74 Glen Eira Road, Ripponlea, Victoria, Australia (03) 9530 0111
Open for dinner Tuesday to Saturday, 6:30pm to late
Open for dinner Tuesday to Saturday, 6:30pm to late
When I was younger I really enjoyed writing. I would write short stories and scripts for no other purpose than to amuse myself. These stories were mostly terrible but they were also practise and occasionally I would be able to see that there was a glimmer of something good within a particular set of badly formed far too long sentences. Ahem. With further editing and honing the themes and ideas that were supposed to be present in the first draft would start to become coherently formed by the fourth or fifth. I enjoyed the act of writing but it was all accomplished without any greater purpose. Just for its own sake. Also due to a lack of friends.
This was all pre-internet and the idea of sharing these stories with anyone else seemed completely horrifying. So these stories just got saved and forgotten about and then eventually lost along with the particular hard drive or floppy disk they were stored on. Looking back I wonder what would have happened if I had shared those stories with someone? I don’t even mean finding an audience – just a collaborator or a simple impartial voice who could give feedback. It’s so easy now – to just publish online. Not that there are many people who would bother to read entire stories published on a website by some unknown author - but merely knowing that something you have agonised over creating is now publicly available online is going to build your courage to produce more stories and make you work harder to produce better prose next time. The mere idea of someone reading these words has made me re-draft the previous paragraph four times and this is a tiny food blog with three subscribers. The fear of public condemnation is a powerful motivator.
So with the public engaging with your output you are forced to develop. The eventual end result being a product. As a writer you develop a style (be that good or bad). You are known for your awesome schlock horror or depressing sonnets or these really amazing tri-fold brochures (I was into the tri-fold format way before it became commercial) and then if you find success, the easy thing to do is to start churning out the same thing over and over. You find a formula and you stick with it. This happens in a host of creative endeavours. Film, TV, design – all can quickly become formulaic. The impetus for change is stalled by their found success.
Restaurants are often something different. The concept of sticking with a successful menu works for some facets of the food industry – but for any restaurant claiming seasonality or locally sourced produce, a constantly evolving menu is as inevitable as me burning my mouth on my first cup of Chinese tea. For the past five years Attica has remained dedicated to developing new ideas but also to feeding people these new ideas as they are still occurring to them. They are forcing themselves to create new dishes and then to test them as part of a complete, servable menu on the Tuesday of every week.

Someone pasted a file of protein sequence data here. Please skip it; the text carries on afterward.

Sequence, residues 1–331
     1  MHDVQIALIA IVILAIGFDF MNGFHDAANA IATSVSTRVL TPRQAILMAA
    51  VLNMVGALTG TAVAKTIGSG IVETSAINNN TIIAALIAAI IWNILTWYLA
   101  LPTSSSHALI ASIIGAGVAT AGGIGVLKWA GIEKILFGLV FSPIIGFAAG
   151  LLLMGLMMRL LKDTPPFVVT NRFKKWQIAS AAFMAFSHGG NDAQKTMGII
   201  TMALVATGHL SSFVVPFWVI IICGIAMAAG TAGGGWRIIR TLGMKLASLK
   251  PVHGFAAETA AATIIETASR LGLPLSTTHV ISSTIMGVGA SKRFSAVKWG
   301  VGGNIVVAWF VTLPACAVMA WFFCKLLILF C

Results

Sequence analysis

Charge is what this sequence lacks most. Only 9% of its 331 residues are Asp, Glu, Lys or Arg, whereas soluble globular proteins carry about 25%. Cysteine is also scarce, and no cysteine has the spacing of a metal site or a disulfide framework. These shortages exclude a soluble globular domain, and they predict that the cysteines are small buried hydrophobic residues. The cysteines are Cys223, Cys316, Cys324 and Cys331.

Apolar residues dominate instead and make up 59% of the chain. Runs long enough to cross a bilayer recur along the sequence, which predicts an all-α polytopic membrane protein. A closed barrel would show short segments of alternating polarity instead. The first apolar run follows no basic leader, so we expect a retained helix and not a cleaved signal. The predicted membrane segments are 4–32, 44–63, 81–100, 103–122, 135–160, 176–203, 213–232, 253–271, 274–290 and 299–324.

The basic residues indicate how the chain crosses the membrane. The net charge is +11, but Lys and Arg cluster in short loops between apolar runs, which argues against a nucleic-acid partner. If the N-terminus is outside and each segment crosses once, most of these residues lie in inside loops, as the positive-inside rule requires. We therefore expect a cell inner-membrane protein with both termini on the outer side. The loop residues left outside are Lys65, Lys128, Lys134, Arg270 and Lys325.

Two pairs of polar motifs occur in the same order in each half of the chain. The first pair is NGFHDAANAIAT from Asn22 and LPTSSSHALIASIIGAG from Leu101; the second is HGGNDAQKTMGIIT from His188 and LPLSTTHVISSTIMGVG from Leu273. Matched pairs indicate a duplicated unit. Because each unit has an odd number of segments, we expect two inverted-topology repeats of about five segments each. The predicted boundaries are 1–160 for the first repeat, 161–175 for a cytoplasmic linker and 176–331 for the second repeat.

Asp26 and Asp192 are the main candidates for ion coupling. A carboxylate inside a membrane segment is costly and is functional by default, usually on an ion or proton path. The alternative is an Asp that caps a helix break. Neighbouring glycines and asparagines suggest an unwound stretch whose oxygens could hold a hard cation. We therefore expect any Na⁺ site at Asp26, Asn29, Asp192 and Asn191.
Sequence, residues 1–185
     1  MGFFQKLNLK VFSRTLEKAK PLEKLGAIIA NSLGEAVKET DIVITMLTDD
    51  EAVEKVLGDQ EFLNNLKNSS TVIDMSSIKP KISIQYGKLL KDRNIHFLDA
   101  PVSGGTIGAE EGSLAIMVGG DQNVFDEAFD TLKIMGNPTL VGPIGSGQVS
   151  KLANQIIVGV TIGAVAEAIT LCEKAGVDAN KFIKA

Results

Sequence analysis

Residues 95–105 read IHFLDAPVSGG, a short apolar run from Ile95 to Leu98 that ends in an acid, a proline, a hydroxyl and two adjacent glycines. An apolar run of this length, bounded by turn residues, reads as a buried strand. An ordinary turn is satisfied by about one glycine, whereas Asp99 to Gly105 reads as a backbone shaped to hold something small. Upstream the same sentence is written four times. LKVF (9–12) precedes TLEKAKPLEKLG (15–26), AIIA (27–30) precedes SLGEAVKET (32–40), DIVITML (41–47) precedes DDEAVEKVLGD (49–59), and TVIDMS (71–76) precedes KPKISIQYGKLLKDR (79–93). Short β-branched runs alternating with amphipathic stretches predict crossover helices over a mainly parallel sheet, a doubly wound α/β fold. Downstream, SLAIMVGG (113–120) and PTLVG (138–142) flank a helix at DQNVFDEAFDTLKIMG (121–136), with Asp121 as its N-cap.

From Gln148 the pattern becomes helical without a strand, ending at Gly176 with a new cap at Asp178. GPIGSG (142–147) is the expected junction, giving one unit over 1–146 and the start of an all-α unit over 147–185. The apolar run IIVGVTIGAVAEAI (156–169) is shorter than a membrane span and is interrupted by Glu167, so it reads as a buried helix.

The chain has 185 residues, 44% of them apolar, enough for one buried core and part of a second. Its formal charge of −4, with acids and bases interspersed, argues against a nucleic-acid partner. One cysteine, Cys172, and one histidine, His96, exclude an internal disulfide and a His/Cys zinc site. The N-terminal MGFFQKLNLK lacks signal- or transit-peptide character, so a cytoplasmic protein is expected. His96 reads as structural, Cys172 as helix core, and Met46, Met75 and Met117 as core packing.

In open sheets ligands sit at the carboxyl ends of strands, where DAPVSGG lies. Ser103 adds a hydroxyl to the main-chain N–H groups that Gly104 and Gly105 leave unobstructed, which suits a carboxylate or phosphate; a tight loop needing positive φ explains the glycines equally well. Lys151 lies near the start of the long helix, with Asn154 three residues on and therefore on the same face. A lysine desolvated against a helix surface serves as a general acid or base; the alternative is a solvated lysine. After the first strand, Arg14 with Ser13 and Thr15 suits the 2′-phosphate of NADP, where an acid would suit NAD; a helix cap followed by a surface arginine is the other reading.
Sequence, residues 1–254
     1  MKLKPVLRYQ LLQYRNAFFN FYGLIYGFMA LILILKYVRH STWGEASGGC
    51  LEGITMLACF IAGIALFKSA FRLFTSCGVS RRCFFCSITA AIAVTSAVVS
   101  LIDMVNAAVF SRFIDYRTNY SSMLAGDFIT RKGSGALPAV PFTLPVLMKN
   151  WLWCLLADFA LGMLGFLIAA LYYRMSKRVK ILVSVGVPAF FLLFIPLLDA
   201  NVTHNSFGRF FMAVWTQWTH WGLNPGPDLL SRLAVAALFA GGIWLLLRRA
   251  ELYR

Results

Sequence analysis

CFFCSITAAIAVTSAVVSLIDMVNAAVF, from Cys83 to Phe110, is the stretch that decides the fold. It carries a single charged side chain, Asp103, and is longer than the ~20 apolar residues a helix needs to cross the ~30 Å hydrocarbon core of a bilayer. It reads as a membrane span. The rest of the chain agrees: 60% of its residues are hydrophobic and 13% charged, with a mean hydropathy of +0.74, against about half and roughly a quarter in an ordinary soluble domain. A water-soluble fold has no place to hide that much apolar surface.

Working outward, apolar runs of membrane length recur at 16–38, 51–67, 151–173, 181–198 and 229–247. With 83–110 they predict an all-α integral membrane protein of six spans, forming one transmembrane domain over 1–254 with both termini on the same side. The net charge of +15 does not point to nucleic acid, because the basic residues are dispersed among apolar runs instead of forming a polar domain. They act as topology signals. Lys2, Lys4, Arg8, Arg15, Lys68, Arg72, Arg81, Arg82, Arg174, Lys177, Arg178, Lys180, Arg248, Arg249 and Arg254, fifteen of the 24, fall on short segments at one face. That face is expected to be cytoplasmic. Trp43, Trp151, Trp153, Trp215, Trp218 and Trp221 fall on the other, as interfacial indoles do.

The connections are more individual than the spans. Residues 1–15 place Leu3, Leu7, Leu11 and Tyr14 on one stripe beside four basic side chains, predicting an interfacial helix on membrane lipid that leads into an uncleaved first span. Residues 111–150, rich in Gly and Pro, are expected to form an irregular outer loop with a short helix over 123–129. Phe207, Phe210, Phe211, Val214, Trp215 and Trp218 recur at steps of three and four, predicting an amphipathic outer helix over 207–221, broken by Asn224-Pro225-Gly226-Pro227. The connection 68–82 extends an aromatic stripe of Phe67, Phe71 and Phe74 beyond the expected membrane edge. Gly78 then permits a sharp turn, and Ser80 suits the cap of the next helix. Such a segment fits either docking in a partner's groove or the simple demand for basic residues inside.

Akin to posting Mal Reynolds fan-fic on a Firefly forum, Attica are appealing to fans of fine food to come and consume their culinary creations, trying test versions of possible menu items. However this would be Jane-Espenson-under-a-pseudonym quality fan-fic. This food may be what the 63rd best restaurant in the world considers test creations but as they say themselves, it has taken 50 man/woman hours to prepare the dishes they will serve. The ingredients may still be played with, taken apart, reassembled but you are presented with a finalised iteration of an inspired dish.
Below are pictures of the dishes we were served when we went. I’m not sure what the point would be in describing them as they may never again be served – or at least not in the same form. I’ll mention the highlights.
|Housemade sourdough, housemade butter and emulsified olive oil with black salt.
|Leeks, Onion Weed, Ginger Juice.
|Shiitake Broth, Spencer Gulf Prawn, Nasturtium.
The prawn in shitake broth made me regret every over-cooked prawn in noodle soup I had ever ingested. The shitake broth itself must surely become part of their menu – it’s too good to just be an experiment.
|Beef Cheek and Mulled Wine (and Pine Mushrooms).
|Milk Jam with 100 Year Old Chocolate.
The dessert was a mix of sweet ‘milk jam’ (they were like soft, sweet mini dumplings) and bitter chocolate shavings made from a 100 year old recipe. The combination was quite intense for a dessert and I guess could turn some people off. The chocolate moves from deeply bitter to darkly cocoa whilst combining with the sweetness from the milk jam. I ate the lot and scowled at the people next to us – one of whom didn’t even try it.
Attica’s Chef Table nights are feasts under-construction, to clumsily co-opt a Hemingway quote. If the concept appeals to you then it is definitely an enjoyable way to while away a Tuesday evening.
- words by pisso | images by überjoi.
Meal style: Tuesday Night Chef's Table (5 course degustation)
Cost: $95.00 per person (not including drinks)
Time and date of visit: 7:00pm Tuesday 12 June 2012